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Why can't we use "doesn't talk" instead of "don't talk"? when referring to he/she why is "doesn't talk" wrong?

e.g. When you are talking in class and your teacher said: "don't talk please." Why didn't she use "doesn't talk" in that case?

3Can you show some context? He doesn't talk is absolutely fine, and don't talk as well. But don't talk is an order you give someone, and you always address an order to someone (second person!), never to a "he or she" (third person). – oerkelens – 2014-10-17T11:25:05.637

Can you please try explain what you mean, as the grammar and logic of your sentence construction is mixing up your confusion. – Tushar – 2014-10-17T11:27:03.467

@oerkelens I feel that "He don't talk" is actually misused here as the word "don't" is a shortened form of "do not" therefore stating "He do not talk" is actually a misconstruction. – Tushar – 2014-10-17T11:28:31.590

2Ok, so you are asking about the imperative (order) indeed. Well, the trick is you cannot give an order to "he", you always give an order to a "you" - you always address someone, singular or plural. The verb form is the same for the imperative as for the second person: "don't". – oerkelens – 2014-10-17T11:39:08.003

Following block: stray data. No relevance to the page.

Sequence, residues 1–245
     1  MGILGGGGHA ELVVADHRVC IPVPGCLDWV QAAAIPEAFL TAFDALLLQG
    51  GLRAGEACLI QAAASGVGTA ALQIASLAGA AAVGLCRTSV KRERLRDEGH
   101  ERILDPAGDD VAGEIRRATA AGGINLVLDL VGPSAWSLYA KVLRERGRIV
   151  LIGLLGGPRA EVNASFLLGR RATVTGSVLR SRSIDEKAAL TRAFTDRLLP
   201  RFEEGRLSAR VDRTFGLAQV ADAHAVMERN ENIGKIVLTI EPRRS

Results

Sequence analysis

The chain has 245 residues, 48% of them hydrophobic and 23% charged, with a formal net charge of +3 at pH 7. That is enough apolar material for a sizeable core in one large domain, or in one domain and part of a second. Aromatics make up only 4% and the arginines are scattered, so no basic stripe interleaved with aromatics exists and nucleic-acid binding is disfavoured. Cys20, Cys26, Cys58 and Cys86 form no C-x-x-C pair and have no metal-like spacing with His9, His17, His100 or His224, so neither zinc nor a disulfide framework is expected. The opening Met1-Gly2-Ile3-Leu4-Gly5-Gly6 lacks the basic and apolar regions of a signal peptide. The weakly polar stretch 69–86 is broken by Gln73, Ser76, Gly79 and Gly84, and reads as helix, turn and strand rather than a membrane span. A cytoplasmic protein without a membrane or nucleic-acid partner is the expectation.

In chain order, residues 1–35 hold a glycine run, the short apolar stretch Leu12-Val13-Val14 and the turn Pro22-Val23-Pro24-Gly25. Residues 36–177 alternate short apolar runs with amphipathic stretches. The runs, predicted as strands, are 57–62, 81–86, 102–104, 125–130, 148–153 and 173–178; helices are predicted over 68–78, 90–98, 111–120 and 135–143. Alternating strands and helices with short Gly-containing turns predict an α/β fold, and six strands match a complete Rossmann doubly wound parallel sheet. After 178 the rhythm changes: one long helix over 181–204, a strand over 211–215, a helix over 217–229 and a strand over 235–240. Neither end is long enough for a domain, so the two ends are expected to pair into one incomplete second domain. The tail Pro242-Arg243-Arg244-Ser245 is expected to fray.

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When someone gives a command like this, it is called an "imperative sentence". The subject of the sentence is an implied "you", and so you use the form of the verb that goes with "you". In this case, "[You] do not talk." "Doesn't" is used with the third person singular, such as "he". But you can't give a command to a third person, that is, you can't give orders to someone other than the person you are talking to. So we don't use the third person for imperatives, always the second.

exactly, that's what I was about to write! :) – Maulik V – 2014-10-17T13:28:59.037

You have the right answer. Not sure why you're not upvoted the most. The implied subject is "you". The teacher is instructing you (or the whole class including you) to keep quiet. – ADTC – 2014-10-17T14:35:22.577

5@ADTC: It's correct, but a bit misleading, because it makes it sound like you would say (to borrow sanchises's example below) *"Are quiet, Lisa!" instead of the correct "Be quiet, Lisa!" – ruakh – 2014-10-17T18:56:50.393

2@ruakh Exactly. The simple fact is that the imperative is different from the second person form of a verb, and indeed always takes the form of the bare infinitive, NOT the second person. Rather, it's just that the second person usually, but not always, takes the form of the bare infinitive. – Sanchises – 2014-10-18T09:41:44.480